For this EP specifically, I wanted there to be a cohesive theme. I worked with a team based out of Nashville called Working Holiday, and I had them fly to Florida, where I am from, so that we could shoot everything within a few days. This allowed everything to have a Florida-esque type of imagery. Additionally, we used a photographer based in Nashville named Nathan Chapman, who had done a lot of the early Taylor Swift production photos. We loved that kind of blurry, forward-facing style. This project is so personal; it captures many different aspects of my life. I felt that I should be somewhere on the cover, but in a way that felt artistic and not like a school photo. Instead, I wanted it to have a vibe that matches ‘Mason Street’.

The photo used for the cover is from the day we shot ‘Mason Street’ and has a moody, darker vibe to it. In contrast, ‘Happier Songs’ was shot in the middle of a field in Nashville. I was with my team that day, having fun. I felt that the visual on the outside appeared happy, but the coloring of me in the black dress created a contrast, reflecting the lyrics of the song.

I’m not particularly artsy in the sense that I cannot draw or paint, but I have an eye for ensuring that things make sense, with the photos and visuals matching the songs. I hope that this comes across as the singles continue to roll out.

What are a few of your favorite places in Florida or Nashville where you write your songs?

Here in Nashville, I mostly write in my apartment, which is in my room. I have a framed picture of the beach in Florida behind me in all my live videos, and this is the place where I feel most comfortable writing solo. It’s quiet; I can recenter and think about what I want to say. Having that picture gives me creative inspiration. I feel like Florida is the place where I draw so much from, with the ocean in front of me. I usually put on a YouTube video of ocean waves on my TV while I am writing; it can be stock footage or anything that can get me in a creative headspace. I also have sessions with people in Nashville, in a producer session, wherever that may be. It’s all typically within a 30-minute radius from here, so not too bad.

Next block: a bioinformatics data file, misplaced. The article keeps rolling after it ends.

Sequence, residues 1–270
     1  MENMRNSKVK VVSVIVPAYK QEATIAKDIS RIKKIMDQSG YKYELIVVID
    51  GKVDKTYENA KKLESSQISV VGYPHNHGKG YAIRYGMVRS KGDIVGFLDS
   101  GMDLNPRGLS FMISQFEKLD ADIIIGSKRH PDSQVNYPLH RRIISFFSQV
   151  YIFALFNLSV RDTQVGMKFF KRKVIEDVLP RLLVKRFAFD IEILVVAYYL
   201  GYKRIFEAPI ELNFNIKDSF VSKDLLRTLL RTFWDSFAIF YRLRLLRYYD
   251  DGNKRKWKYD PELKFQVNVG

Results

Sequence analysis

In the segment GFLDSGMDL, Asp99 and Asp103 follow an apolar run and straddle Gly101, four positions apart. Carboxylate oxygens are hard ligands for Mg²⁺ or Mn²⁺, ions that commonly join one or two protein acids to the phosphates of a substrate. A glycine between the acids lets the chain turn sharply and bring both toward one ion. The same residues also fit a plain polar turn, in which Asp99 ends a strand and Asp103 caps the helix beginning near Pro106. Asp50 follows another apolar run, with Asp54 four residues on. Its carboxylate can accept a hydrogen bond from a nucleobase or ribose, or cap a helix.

In Florida, I write similarly, in my bedroom upstairs at my mom’s house in Apollo Beach. I like to write outside a lot too; I go out to the back porch and sit by the bay. Those are the main places, and I also draw a lot of inspiration from my notes app as I go through the day. If I am on a plane ride or driving and get inspired by something, I will write down lyrics or add a voice memo.

A woman in a white shirt poses in front of a white wall.
Nathan Chapman

Where do you draw your inspiration from now that you have transitioned from the country genre to singing covers and ultimately becoming a singer-songwriter?

When I first released music, I delved deeply into the pop genre, as far as I believed I could. This stemmed from my initial years immersed in the country-pop world upon arriving in Nashville. I wasn’t sure if it ever felt truly authentic to me. While I love country music, I didn’t feel it was the right fit for my own projects. I recall feeling the need to veer completely away from what I had previously done.

As the years have passed, I’ve come to realize that many aspects of the country genre feel authentic and genuine to me because of my upbringing listening to it. Not necessarily in terms of making my music sound country production-wise, but I’ve always been drawn to the storytelling aspect and the writing, which has been a constant throughout my life. I aim to blend the worlds of pop and country, leading me into the indie space I’ve occupied over the last two years. Now, I feel each project leans more into that sound, allowing me to explore all the elements I love about the different genres I grew up listening to. Being in this new space feels like me.

I draw inspiration from various sources, including situations in my life, my family, childhood memories, past friendships, and my single status for a while. At 24 years old, most of my friends are getting married, which feels surreal. However, I’ve never been in that mindset. I’ve always been focused on my work, and I’ve remained single, which is amusing to most people because everyone else seems to be dating while I’m not.

It is a constant struggle though. For a couple of years I would just work and stay in Nashville then occasionally do things I actually wanted to do. I have been trying to incorporate living in the last few years that way I have something to write about and am inspired by. It has been like a balance as of now.

You are also passionate about psychology and are a certified Enneagram coach. What insights have you gained from these fields while writing this EP?

I’ve been interested in psychology for the past four years. I recall my sophomore year of music when I first encountered it. There was a class where we had to take the enneagram test and learn about our personality for that specific creative class. Since then, I’ve been drawn to the whole world of enneagrams, and attachment styles came into the picture later when I discovered there was a significant correlation between the two.